David Bourget (Western Ontario)
David Chalmers (ANU, NYU)
Rafael De Clercq
Jack Alan Reynolds
Learn more about PhilPapers
British Journal for the Philosophy of Science 45 (2):485-503 (1994)
In an influential critique, Jerry Fodor and Zenon Pylyshyn point to the existence of a potentially devastating dilemma for connectionism (Fodor and Pylyshyn ). Either connectionist models consist in mere associations of unstructured representations, or they consist in processes involving complex representations. If the former, connectionism is mere associationism, and will not be capable of accounting for very much of cognition. If the latter, then connectionist models concern only the implementation of cognitive processes, and are, therefore, not informative at the level of cognition. I shall argue that Fodor and Pylyshyn's argument is based on a crucial misunderstanding, the same misunderstanding which motivates the entire language of thought hypothesis
|Keywords||Connectionism Epistemology Knowledge Language Science Fodor, J Pylyshyn, Z|
|Categories||categorize this paper)|
Setup an account with your affiliations in order to access resources via your University's proxy server
Configure custom proxy (use this if your affiliation does not provide a proxy)
|Through your library|
References found in this work BETA
No references found.
Citations of this work BETA
No citations found.
Similar books and articles
Robert J. Matthews (1994). Three-Concept Monte: Explanation, Implementation, and Systematicity. Synthese 101 (3):347-63.
Jerry A. Fodor & Zenon W. Pylyshyn (1988). Connectionism and Cognitive Architecture. Cognition 28 (1-2):3-71.
Keith Butler (1993). Connectionism, Classical Cognitivism, and the Relation Between Cognitive and Implementational Levels of Analysis. Philosophical Psychology 6 (3):321-33.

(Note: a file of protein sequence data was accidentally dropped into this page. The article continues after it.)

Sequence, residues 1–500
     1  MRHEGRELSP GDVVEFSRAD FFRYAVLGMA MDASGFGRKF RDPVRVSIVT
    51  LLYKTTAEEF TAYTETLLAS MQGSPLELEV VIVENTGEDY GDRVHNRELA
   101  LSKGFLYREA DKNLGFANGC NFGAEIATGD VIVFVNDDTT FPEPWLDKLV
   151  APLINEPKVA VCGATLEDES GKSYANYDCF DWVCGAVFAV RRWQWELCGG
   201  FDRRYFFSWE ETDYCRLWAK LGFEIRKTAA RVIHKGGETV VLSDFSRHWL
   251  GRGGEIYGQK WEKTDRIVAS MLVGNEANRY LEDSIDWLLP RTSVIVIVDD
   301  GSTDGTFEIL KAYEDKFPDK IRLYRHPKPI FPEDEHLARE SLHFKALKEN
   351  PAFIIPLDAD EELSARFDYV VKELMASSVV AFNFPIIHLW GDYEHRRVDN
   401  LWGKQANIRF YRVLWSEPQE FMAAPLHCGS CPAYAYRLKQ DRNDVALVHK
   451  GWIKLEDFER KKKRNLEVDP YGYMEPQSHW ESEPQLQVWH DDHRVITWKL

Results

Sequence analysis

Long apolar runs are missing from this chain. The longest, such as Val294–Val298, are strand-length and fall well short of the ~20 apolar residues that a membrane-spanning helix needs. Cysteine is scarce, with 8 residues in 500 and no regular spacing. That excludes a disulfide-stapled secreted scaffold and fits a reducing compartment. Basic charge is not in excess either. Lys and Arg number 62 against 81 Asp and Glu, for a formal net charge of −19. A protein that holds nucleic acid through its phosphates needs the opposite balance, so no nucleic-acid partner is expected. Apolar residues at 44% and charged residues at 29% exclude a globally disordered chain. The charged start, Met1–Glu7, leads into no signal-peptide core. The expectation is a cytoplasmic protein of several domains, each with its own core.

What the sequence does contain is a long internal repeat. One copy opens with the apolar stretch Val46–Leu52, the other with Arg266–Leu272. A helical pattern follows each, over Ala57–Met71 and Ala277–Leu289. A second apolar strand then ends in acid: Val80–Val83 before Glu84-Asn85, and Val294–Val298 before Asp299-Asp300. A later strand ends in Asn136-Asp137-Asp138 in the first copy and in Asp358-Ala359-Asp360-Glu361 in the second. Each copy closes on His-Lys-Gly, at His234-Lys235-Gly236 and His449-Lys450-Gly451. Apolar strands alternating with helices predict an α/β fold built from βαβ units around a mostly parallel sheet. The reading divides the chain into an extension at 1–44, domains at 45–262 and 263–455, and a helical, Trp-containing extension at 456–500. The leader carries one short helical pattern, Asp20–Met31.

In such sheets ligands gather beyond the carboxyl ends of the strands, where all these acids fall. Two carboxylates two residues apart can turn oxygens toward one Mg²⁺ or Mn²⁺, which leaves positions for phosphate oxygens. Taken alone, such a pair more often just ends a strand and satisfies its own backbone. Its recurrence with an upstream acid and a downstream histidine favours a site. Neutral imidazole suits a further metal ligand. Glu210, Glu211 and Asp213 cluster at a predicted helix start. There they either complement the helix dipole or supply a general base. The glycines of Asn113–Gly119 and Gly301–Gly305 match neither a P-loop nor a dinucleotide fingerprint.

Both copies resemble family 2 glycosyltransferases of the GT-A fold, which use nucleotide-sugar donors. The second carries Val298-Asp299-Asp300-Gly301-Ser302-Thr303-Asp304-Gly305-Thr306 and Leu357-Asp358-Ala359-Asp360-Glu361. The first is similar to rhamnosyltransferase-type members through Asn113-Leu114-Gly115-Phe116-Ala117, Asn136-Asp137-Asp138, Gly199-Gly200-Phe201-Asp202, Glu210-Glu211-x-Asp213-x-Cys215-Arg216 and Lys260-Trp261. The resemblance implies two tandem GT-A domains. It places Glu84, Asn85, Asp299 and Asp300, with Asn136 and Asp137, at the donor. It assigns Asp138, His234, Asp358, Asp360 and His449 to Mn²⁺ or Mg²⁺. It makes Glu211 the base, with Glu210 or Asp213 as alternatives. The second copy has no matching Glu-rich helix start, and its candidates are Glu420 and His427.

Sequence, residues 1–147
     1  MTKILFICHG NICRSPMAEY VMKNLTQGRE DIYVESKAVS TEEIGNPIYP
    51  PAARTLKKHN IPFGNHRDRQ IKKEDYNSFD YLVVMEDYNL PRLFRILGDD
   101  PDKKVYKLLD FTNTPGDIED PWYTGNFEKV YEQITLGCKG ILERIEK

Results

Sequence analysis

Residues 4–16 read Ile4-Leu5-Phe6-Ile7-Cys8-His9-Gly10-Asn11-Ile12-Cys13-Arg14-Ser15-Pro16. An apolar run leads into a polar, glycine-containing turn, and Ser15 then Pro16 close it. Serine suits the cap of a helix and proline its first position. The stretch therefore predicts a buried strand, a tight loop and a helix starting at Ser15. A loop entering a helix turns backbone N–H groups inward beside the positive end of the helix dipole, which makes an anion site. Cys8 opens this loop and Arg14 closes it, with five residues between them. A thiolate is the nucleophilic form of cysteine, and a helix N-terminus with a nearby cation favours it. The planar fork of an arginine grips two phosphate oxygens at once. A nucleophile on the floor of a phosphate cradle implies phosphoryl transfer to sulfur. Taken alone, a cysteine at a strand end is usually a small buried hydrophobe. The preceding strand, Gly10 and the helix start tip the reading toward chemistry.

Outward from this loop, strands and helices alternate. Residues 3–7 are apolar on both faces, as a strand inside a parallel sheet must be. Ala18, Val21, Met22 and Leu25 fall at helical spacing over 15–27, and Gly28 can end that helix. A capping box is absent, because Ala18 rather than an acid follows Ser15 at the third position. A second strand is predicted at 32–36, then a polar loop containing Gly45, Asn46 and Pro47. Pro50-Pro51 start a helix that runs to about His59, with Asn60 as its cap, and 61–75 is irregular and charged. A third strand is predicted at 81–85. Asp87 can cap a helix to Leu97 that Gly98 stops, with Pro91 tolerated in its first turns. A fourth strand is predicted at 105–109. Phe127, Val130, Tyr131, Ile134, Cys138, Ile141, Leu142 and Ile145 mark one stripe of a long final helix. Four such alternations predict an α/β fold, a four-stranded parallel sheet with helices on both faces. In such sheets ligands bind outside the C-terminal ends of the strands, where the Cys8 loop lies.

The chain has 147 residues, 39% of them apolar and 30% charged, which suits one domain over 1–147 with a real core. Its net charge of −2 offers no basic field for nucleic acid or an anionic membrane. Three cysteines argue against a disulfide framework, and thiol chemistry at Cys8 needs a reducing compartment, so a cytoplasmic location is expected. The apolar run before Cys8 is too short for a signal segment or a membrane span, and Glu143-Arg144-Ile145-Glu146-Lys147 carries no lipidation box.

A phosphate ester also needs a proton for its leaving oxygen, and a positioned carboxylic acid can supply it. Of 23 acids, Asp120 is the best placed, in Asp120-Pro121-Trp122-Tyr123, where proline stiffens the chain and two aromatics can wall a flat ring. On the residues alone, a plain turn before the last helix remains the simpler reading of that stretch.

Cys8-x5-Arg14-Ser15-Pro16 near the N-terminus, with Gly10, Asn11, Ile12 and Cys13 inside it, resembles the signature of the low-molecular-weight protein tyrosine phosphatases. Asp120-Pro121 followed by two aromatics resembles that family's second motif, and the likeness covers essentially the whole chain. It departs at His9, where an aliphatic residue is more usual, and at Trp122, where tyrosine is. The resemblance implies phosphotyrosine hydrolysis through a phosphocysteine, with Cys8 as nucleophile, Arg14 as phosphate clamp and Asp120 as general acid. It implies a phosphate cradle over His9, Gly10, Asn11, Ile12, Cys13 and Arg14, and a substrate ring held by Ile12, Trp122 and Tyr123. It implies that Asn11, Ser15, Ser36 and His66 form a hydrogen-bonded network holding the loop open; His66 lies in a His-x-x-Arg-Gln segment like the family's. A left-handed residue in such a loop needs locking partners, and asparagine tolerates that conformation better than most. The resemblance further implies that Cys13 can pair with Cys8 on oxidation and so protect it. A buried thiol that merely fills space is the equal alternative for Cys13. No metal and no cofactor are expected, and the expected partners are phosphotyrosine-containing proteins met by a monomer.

David J. Chalmers (1993). Connectionism and Compositionality: Why Fodor and Pylyshyn Were Wrong. Philosophical Psychology 6 (3):305-319.
James W. Garson (1994). Cognition Without Classical Architecture. Synthese 100 (2):291-306.
Paul Smolensky (1991). Connectionism, Constituency and the Language of Thought. In Barry M. Loewer & Georges Rey (eds.), Meaning in Mind: Fodor and His Critics. Blackwell.
James H. Fetzer (1992). Connectionism and Cognition: Why Fodor and Pylyshyn Are Wrong. In A. Clark & Ronald Lutz (eds.), Connectionism in Context. Springer-Verlag. 305-319.
Michael V. Antony (1991). Fodor and Pylyshyn on Connectionism. Minds and Machines 1 (3):321-41.
Martin Davies (1991). Concepts, Connectionism, and the Language of Thought. In W Ramsey, Stephen P. Stich & D. Rumelhart (eds.), Philosophy and Connectionist Theory. Hillsdale, NJ: Lawrence Erlbaum Associates. 485-503.
Added to index2009-01-28
Total downloads74 ( #27,376 of 1,696,258 )
Recent downloads (6 months)2 ( #239,062 of 1,696,258 )
How can I increase my downloads?